Sign In / Sign Out
- ASU Home
- My ASU
- Colleges & Schools
- Map & Locations
This article is part of a conversation about the future of internationalism post-2016, featuring Thunderbird faculty and students. Related articles are available here.
By Roy C. Nelson
“Borders frequented by trade seldom need soldiers.”
It’s a phrase we hear often at the Thunderbird School of Global Management. Attributable to our first faculty member, Dr. William Lytle Schurz, it represents the philosophy that founded this school in 1946 and continues to drive it today. This is the liberal worldview.
When associated with economic policy, the word ‘liberal’ in the U.S. used to mean a policy consistent with the view that markets function best when they are free or ‘liberated’ from excessive government intervention. This is how the word is still used just about everywhere in the world except the U.S. It was during the 20th century that the term’s meaning changed in the U.S. to refer to almost the opposite of what it means everywhere else: a policy of government intervention to protect a country’s economy and people from the hardships imposed by free market forces. In the U.S., this usage has continued in the 21st century, but I am using the term in its original sense.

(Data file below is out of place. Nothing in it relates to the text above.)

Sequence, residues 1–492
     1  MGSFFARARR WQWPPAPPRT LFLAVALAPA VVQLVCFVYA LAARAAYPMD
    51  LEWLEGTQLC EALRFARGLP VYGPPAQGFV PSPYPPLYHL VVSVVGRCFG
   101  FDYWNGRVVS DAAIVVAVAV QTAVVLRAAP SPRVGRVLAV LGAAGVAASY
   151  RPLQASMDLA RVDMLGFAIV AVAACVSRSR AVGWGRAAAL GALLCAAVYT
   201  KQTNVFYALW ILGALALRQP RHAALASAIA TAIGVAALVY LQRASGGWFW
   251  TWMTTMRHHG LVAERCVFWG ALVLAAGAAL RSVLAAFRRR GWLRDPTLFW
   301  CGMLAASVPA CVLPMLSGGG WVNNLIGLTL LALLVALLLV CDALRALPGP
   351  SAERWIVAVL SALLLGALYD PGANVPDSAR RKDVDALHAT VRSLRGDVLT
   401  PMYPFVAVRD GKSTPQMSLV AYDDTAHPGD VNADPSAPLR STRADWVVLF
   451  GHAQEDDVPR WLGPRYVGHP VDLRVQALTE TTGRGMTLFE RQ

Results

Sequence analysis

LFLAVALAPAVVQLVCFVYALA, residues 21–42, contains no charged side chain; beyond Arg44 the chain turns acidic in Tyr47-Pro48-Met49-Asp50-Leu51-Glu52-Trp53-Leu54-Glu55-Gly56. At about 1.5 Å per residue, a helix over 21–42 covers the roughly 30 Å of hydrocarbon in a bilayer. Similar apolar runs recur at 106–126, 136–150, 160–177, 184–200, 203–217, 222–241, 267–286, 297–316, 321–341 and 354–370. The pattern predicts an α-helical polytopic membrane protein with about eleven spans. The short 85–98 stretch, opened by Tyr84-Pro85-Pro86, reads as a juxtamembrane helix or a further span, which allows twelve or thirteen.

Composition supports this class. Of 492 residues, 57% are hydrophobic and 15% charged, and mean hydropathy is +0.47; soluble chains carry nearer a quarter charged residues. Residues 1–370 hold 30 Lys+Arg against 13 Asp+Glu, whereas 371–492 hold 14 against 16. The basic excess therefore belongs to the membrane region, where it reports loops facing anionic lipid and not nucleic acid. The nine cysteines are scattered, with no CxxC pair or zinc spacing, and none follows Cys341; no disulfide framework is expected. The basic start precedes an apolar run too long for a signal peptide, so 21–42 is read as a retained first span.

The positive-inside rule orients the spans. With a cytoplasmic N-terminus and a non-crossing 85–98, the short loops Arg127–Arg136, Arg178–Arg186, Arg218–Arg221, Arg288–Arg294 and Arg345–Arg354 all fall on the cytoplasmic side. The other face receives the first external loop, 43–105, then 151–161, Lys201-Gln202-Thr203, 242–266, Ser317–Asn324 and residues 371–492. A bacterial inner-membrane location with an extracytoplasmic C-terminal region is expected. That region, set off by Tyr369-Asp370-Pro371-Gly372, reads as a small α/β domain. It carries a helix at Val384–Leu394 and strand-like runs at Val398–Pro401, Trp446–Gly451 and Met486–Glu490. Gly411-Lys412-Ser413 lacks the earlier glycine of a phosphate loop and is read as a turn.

In this view, liberalism holds that global trade is, on whole, positive for an economy and its people. The role of the government is to define and enforce the rules that keep global trade fair, and otherwise stay out of it. To the extent nations follow these principles, trade can be result in positive-sum, ‘win win’ outcomes for all nations. Trade can be an engine of growth, prosperity, and yes, even peace, since nations that are benefitting in a positive way from their economic interactions will be less inclined to go to war. This worldview has guided the U.S. and most of its key allies since World War II, but it is currently under siege.